Cessna aircraft, although generally reliable can suffer a well-documented and dangerous decay of their flight controls.
Jane Austen’s Pride and Prejudice, although easily parodied, has unexpected gems of wisdom for the aircraft engineer. To paraphrase its famous opening sentence: ‘It is a truth universally acknowledged that any component, if ignored for long enough will, in due course, cause great vexation, and eventually a not inconsiderable degree of danger, to those who depend on it.’
We couldn’t agree more, despite the double negative. Take rudder pedals and their associated torque tubes, for example. Rudder pedals attract little attention, so long as they do what is expected of them. They are not quite out of sight, but mostly out of mind.
But rudder pedals mounts on long-serving Cessna types have been failing in an insidious and hard-to detect way. Moisture and time are the two enemies. They combine to corrode pedal assemblies to the point where they can no longer bear the weight of the pilot’s foot. And a broken assembly means no rudder control. And no rudder control, as Austen might say, needs no further explanation.
The problem has been recognised since at least 1984, when CASA’s predecessor issued, AD/CESSNA 150/39. It concerned rudder pedal torque tube breakages in Cessna 150s. Operators were required to ‘Visually inspect the rudder pedal torque tubes for cracking in the vicinity of the welded joints between the torque tube and the pedal arm spigots.’
In 2001 Transport Canada published a bulletin based on an incident that caused an aircraft to ground-loop.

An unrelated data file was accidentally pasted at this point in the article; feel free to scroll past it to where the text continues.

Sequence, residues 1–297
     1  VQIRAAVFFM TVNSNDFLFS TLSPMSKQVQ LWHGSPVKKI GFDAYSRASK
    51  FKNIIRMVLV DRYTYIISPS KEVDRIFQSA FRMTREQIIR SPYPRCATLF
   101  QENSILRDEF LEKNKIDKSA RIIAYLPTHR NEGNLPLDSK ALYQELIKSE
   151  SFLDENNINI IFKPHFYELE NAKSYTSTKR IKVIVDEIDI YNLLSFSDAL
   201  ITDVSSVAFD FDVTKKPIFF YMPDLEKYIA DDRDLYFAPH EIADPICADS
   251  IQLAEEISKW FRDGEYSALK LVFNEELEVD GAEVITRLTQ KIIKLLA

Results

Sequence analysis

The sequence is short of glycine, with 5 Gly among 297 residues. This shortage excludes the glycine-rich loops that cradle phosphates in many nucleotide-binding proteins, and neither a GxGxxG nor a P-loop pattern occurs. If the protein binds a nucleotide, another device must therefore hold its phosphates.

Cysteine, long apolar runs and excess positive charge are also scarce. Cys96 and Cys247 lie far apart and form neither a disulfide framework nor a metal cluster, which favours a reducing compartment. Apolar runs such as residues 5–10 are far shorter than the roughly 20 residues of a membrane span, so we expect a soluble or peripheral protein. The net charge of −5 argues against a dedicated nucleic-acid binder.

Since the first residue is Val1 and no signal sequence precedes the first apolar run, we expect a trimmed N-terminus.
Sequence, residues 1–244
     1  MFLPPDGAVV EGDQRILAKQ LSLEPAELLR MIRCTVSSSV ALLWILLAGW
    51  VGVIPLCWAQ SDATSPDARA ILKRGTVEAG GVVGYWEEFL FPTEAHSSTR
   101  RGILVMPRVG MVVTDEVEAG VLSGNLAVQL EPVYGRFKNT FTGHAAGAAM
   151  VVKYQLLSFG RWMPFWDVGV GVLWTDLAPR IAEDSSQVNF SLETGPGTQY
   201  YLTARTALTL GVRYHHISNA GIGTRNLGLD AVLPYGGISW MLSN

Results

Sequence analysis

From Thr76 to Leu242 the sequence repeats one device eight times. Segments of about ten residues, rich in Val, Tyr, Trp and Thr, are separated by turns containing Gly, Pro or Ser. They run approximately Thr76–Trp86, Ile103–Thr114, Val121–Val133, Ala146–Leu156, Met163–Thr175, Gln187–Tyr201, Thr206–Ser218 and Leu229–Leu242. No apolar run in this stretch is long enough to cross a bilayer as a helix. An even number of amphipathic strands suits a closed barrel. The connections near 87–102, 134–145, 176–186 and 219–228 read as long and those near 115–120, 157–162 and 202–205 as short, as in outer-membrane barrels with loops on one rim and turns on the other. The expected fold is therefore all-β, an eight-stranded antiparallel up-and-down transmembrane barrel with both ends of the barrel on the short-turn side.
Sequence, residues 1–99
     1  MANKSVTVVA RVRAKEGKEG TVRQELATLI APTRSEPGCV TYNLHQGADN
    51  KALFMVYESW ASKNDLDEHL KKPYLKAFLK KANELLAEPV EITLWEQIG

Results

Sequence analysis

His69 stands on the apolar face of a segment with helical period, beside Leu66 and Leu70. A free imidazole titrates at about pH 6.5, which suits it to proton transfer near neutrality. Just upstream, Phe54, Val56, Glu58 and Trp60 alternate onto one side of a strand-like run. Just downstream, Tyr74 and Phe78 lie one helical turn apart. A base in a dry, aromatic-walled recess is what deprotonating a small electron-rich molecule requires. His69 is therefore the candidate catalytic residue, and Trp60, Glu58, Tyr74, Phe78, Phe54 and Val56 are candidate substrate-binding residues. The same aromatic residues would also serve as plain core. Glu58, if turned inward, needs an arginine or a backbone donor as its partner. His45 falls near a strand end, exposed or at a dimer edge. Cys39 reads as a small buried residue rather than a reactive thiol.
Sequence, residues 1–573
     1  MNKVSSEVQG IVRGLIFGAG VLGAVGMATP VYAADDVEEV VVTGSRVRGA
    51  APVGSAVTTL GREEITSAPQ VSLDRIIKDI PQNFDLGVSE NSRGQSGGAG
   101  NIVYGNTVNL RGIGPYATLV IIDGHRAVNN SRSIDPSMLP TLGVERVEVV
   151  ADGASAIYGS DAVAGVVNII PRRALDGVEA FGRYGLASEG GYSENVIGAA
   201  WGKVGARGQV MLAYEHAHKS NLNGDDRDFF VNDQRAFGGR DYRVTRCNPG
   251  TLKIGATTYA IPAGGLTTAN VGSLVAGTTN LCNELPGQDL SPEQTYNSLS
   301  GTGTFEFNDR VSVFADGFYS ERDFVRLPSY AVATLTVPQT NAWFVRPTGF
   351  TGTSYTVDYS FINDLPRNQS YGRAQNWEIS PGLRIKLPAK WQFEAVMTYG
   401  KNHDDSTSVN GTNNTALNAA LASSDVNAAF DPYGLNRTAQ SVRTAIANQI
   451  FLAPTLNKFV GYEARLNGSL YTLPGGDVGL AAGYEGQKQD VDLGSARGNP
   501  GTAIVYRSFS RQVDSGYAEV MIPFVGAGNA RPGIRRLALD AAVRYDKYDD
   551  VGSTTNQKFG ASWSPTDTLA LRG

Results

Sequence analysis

Transport Canada report, AV 2001-05, of 16 October 2001, found the pedal arm had fractured during landing, which caused the pilot to lose control of the aircraft during the landing roll. It found the rudder pedal arm tube had corroded to a fraction of its former thickness, making failure inevitable.
The report provided a concise description of the component in question: ‘The rudder pedal assembly consists of a welded steel torque tube assembly with a stub shaft or spigot welded to the torque tube over which the rudder pedal arm is fitted. The rudder pedal arm is also a welded tube, open at both ends, with an inside diameter equal to or just slightly larger than the outside diameter of the spigot on the torque tube, and is fastened to the torque tube spigot using a single bolt.’
‘The pedal arm tube is open at the top end and consequently contamination of the tube interior from dirt, oil, water and in the case of agricultural aircraft, other chemicals, is possible. In addition to contamination of the rudder pedal arm, any contamination entering the pedal arm tube will also enter the top end of the torque tube spigot, causing corrosion to the spigot and torque tube as well.’
Transport Canada found this mode of failure was difficult to detect. It described a case where ‘the rudder pedal arm tube was corroded to just a few thousandths of an inch thick in the area of the fracture (approximately 1 inch [25mm] above the attachment bolt hole). The other pedal arm, although not fractured or cracked, had severe corrosion on the tube interior and failure was imminent.’ However, it concluded ‘the problem does not appear to be widespread at this time’.